A test body crosses the event horizon of a black hole. When can we say that GR breaks down? Only at the singularity? At any point CLOSE enough to the singularity? How much close? In summary, do we know when quantum gravity begins to be acting at distance X greater than the point when general relativity breaks down?

Details: I mean GR being not valid to calculate, e.g.:

  1. Firstly, curvature effects, geodesic motion and/or possible modifications of space-time at higher densities.
  2. The gravitational field and or derived quantities (is the metric well-defined in any point inside the black hole excepting the BH singularity?).

At what point the density of a black hole or the curvature is so strong that we can say GR needs a replacement? Of course, Hawking radiation is also there, ... And, the caveat is also if we can talk about “a point” inside a black hole or close to the singularity...

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    $\begingroup$ You'll have to clarify what you mean by GR failing. For example GR doesn't predict Hawking radiation. If you consider that failing then it fails at the horizon. $\endgroup$ – John Rennie May 15 at 9:23

General relativity by itself does not provide a scale at which it becomes invalid. So, we do not know when it breaks down for the description of a black hole (or a black hole-like object). While we may suspect that the breackdown occurs inside a black hole when curvature approaches Planck values this is only a conjecture largely based on dimensional arguments. There are many alternative suggestions about how quantum gravity effects may modify compact gravitating objects in such a way that there are no black holes at all (in the sense that there are no event horizons) but instead some “black hole mimickers” or “exotic compact objects” with some quantum gravitational physics occurring at small (possibly microscopic) distances outside would be horizons. While such alternatives are not too popular among the proffessionals of the field they are largely not ruled out by either observations or by purely theoretical arguments.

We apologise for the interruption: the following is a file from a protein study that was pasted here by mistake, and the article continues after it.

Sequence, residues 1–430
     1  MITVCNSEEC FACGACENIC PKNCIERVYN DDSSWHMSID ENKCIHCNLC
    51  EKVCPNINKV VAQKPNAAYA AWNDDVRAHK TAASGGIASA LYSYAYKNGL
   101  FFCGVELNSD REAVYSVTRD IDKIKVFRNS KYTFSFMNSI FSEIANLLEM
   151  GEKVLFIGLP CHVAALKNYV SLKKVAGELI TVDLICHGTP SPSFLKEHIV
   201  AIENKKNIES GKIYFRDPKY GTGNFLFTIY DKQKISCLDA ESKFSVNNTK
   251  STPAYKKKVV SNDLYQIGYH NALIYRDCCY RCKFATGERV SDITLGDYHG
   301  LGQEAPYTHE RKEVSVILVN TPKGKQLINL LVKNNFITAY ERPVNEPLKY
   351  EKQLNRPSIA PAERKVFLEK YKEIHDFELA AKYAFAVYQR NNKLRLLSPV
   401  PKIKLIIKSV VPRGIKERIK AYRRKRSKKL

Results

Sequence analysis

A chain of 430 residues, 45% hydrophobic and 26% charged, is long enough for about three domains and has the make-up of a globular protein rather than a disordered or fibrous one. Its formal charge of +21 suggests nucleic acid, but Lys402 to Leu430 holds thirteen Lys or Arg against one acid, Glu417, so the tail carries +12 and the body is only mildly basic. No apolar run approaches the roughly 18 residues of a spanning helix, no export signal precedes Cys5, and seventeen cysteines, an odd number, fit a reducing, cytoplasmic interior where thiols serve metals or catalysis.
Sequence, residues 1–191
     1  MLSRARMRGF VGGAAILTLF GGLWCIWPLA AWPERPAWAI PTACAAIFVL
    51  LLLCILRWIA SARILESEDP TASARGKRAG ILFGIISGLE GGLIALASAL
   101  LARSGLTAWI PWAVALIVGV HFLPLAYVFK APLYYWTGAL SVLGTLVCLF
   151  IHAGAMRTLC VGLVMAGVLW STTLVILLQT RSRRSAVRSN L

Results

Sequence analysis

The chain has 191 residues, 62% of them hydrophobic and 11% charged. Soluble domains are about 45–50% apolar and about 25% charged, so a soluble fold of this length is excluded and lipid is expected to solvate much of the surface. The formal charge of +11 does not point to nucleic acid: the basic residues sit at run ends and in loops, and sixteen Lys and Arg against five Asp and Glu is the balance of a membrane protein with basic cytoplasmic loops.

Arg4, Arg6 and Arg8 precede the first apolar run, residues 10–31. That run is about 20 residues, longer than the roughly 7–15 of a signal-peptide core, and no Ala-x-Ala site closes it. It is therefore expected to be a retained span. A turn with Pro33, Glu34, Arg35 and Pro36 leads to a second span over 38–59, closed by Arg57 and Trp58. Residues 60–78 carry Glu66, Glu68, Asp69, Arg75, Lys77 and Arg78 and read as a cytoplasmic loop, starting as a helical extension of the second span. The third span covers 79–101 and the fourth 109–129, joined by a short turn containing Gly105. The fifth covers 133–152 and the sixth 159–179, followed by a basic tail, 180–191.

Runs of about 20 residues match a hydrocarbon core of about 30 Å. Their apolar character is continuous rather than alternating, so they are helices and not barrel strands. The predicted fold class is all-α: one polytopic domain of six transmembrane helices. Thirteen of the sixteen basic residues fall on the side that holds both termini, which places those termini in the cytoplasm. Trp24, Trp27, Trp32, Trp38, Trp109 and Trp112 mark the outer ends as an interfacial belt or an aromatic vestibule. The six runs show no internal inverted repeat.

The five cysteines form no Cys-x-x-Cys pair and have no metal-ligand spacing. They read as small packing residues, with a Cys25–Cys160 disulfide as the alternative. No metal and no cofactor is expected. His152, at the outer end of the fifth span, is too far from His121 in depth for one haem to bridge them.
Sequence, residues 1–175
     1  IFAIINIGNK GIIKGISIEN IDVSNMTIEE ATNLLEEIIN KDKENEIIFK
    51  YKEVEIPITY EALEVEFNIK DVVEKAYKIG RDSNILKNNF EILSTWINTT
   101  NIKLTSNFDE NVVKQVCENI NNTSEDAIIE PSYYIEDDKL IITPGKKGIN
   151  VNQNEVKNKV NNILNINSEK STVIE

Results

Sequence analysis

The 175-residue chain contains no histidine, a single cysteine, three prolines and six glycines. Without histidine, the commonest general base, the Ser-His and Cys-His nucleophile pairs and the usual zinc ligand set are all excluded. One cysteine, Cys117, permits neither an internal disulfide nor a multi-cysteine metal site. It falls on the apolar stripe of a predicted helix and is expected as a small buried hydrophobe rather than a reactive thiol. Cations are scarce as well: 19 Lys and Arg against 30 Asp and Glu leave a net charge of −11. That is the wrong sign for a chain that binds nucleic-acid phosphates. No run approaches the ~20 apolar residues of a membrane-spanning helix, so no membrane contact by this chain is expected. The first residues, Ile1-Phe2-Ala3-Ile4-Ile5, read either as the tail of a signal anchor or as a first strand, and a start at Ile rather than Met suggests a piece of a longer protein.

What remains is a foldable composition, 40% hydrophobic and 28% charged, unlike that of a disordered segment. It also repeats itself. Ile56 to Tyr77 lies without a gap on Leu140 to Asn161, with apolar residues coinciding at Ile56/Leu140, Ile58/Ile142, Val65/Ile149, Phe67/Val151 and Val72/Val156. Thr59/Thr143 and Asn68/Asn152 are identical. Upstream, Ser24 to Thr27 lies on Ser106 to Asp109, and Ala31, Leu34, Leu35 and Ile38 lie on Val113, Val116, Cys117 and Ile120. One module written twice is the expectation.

For an overview of a “zoo” of black hole mimickers and possible tests that could constrain/falsify different theories have a look at this paper, a more recent review by the same authors as well as this answer.

  • $\begingroup$ This seems reasonable. How do we quantify more carefully the notion that the "curvature approaches Planck values?" If we do this by testing the components of the Riemann tensor, then it's coordinate dependent. $\endgroup$ – Ben Crowell May 15 at 20:11
  • $\begingroup$ @BenCrowell something something Kretschmann scalar $\endgroup$ – AccidentalFourierTransform May 15 at 22:09
  • $\begingroup$ @BenCrowell: As AccidentalFourierTransform have said. We expect the effective action for QG contains terms quadratic in curvature, so when they become noticeable deviations from EFE would be significant. $\endgroup$ – A.V.S. May 16 at 4:56
  • $\begingroup$ Assuming the Schwarzschild metric, space inside a BH is a 3-cylinder with time pointing from its hypersurface to the axis of singularity. There are only 3 logical ways for timelike/lightlike geodesics to go. (1) End in the singularity regardless of whether or not GR holds near. Matter and spacetime end together as Fourier conjugates. (2) Turn through a wormhole to create a different universe from a white hole. (3) Turn again the way they were outside the horizon pointing along the axis of the 3-cylinder. This creates a causally disconnected eternal dense timelike object. Any logical flaw here? $\endgroup$ – safesphere Oct 25 at 16:39
  • $\begingroup$ Matter and spacetime end together as Fourier conjugates I do not know what that means. But an alternative that you have not included is that the “inside” of black hole is a background for completely different structures that could not be interpreted as Lorentzian geometry (or even as spacetime). $\endgroup$ – A.V.S. Oct 26 at 5:40

It is difficult to say anything too definitive about quantum gravity but following the ideas of effective field theory, one often considers Einstein-Hilbert action as the first term in an infinite series $$ {\cal L} = \frac{1}{4\pi} \int d^4 x \sqrt{g} \Big( \frac{1}{G_N}R +R^2 +\ldots \Big) $$ where by $R^n$ I mean all curvature invariants which can be constructed which have $2n$-derivatives on the metric and one should include some unknown scalar constants.